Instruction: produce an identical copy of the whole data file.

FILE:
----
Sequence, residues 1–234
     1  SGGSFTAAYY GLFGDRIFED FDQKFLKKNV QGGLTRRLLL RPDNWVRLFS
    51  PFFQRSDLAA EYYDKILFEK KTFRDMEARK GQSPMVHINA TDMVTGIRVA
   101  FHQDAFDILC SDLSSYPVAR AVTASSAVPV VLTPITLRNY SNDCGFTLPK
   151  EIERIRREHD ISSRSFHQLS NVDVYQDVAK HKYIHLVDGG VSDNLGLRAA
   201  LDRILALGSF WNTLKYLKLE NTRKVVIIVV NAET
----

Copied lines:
Sequence, residues 1–234
     1  SGGSFTAAYY GLFGDRIFED FDQKFLKKNV QGGLTRRLLL RPDNWVRLFS
    51  PFFQRSDLAA EYYDKILFEK KTFRDMEARK GQSPMVHINA TDMVTGIRVA
   101  FHQDAFDILC SDLSSYPVAR AVTASSAVPV VLTPITLRNY SNDCGFTLPK
   151  EIERIRREHD ISSRSFHQLS NVDVYQDVAK HKYIHLVDGG VSDNLGLRAA
   201  LDRILALGSF WNTLKYLKLE NTRKVVIIVV NAET